By Bill Hirschman
The sparse crowd Saturday night at Actors Playhouse must be a result of people thinking, “Oh, I like it well enough, but I’ve seen Godspell.”
But they’d be wrong, to their loss. This earnest troupe led by director David Arisco has reinterpreted and re-imagined for the umpteenth time the venerable warhorse so that it seems fresh and familiar at the same time.
Godspell has never been a static museum piece. It has always undergone revisions, reordering and topical updating, welcoming each company to tailor it to their skill set and vision. Sometimes that works; sometimes it doesn’t. The edition that toured through the Broward Center a number of years ago featured banks of television monitors blasting out a background of music videos.
Godspell’s stylistic elasticity is intentional. When it was envisioned 40-plus years ago, its creators meant it to be as contemporary as possible a retelling of the Gospel according to Matthew (with a little Luke thrown in) to prove that the underlying verities were not just universal but timeless.
If the externals change – flower children in a park giving way in this production’s street people in a rundown urbanscape – the show’s core strengths remain including an infectious, affecting score by Stephen Schwartz (Wicked, Pippin) plus a playful sensibility and boundless compassion in the script by John-Michael Tebelak.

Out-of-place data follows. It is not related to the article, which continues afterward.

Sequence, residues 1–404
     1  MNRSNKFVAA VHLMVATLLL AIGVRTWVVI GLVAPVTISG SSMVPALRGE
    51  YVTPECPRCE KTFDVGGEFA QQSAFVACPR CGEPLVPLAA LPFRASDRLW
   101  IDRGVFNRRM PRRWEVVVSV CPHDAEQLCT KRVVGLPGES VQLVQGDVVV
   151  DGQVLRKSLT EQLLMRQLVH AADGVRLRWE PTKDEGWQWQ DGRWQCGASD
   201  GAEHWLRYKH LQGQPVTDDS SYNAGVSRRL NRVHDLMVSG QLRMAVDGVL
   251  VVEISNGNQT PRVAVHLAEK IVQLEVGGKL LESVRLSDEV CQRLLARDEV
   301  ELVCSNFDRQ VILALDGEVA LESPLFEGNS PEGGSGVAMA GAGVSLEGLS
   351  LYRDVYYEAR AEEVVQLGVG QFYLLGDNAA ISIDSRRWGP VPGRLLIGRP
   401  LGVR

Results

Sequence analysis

While a parochial retelling of Jesus’ journey, its preachment of love and forgiveness irresistibly resonates with the battered yearnings of Mankind regardless of specific faith.
Every time an ensemble walks to the edge of the stage and sing the fervent plea a cappella, “When wilt thou save the people?” it raises a few hairs on the back of your neck, just as it does here.
Still, this production is not as emotionally affecting as it could have been because someone chose to mount the Playhouse’s 25th season opener in its cavernous main auditorium, rather than its upstairs space. Godspell is an intimate show that needs to establish a personal bond with the audience as well as a sense of community among the patrons. That’s pretty hard to do in a 600-seat house. A clear example is that Judas’ slow disillusionment in the second act normally can be easily seen by the audience a dozen yards away. But here, the blameless Nick Duckart’s subtle evolution gets lost in the ensemble spread across a stage more appropriate for Les Miserables. The effect of this distancing cannot be overstated.